International Journal of Engineering Research and Development


Published on

Electrical, Electronics and Computer Engineering,
Information Engineering and Technology,
Mechanical, Industrial and Manufacturing Engineering,
Automation and Mechatronics Engineering,
Material and Chemical Engineering,
Civil and Architecture Engineering,
Biotechnology and Bio Engineering,
Environmental Engineering,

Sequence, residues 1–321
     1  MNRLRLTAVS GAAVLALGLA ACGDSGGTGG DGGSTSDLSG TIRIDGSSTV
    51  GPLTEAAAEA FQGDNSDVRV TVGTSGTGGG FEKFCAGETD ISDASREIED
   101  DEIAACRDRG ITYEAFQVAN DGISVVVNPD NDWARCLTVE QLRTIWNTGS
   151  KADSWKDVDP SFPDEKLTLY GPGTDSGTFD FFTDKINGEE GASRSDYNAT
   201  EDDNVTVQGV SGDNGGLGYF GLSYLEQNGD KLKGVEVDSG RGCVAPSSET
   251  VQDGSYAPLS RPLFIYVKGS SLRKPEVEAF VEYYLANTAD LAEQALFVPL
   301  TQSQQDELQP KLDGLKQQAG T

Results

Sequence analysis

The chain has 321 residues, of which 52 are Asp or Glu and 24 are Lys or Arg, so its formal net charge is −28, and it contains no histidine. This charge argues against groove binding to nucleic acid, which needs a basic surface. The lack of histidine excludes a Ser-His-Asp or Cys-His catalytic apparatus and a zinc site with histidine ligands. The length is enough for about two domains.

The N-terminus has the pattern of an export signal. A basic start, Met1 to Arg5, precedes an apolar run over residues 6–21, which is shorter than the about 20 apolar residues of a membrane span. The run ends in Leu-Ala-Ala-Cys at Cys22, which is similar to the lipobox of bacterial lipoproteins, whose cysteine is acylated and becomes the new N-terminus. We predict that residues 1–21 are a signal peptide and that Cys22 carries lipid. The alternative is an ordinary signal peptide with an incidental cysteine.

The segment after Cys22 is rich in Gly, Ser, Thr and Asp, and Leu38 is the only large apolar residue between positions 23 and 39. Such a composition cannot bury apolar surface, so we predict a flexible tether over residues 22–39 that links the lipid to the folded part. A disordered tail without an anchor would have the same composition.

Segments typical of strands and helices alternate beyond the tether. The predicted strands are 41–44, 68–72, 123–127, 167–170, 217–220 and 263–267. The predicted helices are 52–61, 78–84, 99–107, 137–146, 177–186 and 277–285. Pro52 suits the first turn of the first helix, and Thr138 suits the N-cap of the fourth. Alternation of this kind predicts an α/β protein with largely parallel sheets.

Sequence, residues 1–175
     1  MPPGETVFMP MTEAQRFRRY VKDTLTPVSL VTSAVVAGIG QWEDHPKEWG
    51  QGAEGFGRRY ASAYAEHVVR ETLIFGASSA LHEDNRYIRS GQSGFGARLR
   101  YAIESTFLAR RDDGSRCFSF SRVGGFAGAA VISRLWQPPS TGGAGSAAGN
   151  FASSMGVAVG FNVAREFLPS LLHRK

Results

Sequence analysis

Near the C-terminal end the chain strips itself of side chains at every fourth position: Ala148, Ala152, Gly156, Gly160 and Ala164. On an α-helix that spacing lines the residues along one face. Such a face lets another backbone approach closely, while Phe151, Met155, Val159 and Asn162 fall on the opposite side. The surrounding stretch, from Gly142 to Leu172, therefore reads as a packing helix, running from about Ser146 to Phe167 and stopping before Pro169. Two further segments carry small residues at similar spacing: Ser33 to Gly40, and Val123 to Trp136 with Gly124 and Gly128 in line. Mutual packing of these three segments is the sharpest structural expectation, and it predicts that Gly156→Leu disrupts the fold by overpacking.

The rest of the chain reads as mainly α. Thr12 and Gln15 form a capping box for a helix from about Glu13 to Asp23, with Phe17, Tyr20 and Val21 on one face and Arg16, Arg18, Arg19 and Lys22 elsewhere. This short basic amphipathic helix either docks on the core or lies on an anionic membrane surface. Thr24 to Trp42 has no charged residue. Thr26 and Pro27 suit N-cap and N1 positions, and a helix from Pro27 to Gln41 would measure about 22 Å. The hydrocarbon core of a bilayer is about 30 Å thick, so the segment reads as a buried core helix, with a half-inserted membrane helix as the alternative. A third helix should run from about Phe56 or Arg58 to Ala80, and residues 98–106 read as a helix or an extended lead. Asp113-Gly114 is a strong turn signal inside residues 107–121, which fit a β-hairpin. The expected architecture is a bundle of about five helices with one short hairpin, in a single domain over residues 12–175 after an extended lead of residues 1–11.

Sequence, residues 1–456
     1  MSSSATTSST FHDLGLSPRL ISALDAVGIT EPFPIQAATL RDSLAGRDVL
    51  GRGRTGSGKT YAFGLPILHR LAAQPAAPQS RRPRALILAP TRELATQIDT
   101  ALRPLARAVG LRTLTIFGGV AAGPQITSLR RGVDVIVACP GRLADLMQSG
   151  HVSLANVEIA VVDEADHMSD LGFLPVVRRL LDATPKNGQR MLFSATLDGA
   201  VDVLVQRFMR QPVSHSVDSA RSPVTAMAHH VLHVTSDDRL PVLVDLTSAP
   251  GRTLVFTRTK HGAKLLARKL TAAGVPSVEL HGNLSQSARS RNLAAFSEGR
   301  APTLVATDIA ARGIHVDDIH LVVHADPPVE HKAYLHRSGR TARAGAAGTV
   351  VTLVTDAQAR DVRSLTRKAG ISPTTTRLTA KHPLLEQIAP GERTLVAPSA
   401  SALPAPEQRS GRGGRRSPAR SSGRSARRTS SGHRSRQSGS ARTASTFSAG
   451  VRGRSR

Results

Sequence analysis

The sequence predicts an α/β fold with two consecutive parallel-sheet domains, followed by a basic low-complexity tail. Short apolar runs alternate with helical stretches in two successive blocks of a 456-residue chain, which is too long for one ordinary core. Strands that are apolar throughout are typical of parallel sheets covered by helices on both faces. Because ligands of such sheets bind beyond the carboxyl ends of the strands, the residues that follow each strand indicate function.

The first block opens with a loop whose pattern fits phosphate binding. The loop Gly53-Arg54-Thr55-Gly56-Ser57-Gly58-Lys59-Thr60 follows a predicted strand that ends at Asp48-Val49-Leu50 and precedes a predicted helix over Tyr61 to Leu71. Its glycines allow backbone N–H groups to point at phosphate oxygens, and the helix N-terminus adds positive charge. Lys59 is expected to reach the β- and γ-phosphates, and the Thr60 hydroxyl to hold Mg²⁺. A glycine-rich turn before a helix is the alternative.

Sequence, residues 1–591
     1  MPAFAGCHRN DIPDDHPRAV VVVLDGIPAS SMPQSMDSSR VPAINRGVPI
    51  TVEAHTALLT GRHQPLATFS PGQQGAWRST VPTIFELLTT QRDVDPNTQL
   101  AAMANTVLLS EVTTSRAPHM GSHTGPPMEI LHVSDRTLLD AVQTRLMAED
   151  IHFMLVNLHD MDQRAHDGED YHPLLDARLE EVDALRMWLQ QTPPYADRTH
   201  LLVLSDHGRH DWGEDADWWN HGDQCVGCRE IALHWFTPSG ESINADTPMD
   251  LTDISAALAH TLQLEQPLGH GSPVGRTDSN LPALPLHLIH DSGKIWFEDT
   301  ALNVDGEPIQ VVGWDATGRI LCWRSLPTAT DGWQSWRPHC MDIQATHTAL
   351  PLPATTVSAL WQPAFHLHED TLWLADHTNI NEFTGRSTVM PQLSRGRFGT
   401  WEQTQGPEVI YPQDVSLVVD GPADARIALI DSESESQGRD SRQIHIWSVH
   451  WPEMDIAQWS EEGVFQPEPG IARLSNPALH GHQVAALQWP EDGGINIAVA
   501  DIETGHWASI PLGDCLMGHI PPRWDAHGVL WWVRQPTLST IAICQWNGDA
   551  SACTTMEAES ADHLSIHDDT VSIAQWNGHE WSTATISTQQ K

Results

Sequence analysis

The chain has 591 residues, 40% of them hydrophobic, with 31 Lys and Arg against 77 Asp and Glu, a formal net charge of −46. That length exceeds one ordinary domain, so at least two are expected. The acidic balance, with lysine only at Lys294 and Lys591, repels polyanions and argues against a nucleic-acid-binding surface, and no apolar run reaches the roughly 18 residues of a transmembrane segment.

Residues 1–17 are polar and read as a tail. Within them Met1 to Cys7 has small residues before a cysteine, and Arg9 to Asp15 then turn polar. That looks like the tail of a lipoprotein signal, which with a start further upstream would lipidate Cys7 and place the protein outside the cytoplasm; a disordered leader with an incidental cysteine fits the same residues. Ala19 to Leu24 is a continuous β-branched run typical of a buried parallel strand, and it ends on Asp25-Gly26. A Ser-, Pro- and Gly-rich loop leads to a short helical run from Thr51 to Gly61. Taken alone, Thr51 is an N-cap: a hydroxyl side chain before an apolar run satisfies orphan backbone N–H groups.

Petroleum and Mining Engineering,
Marine and Agriculture engineering,
Aerospace Engineering.

Published in: Technology, Education
  • Be the first to comment

  • Be the first to like this

No Downloads
Total views
On SlideShare
From Embeds
Number of Embeds
Embeds 0
No embeds

No notes for slide

International Journal of Engineering Research and Development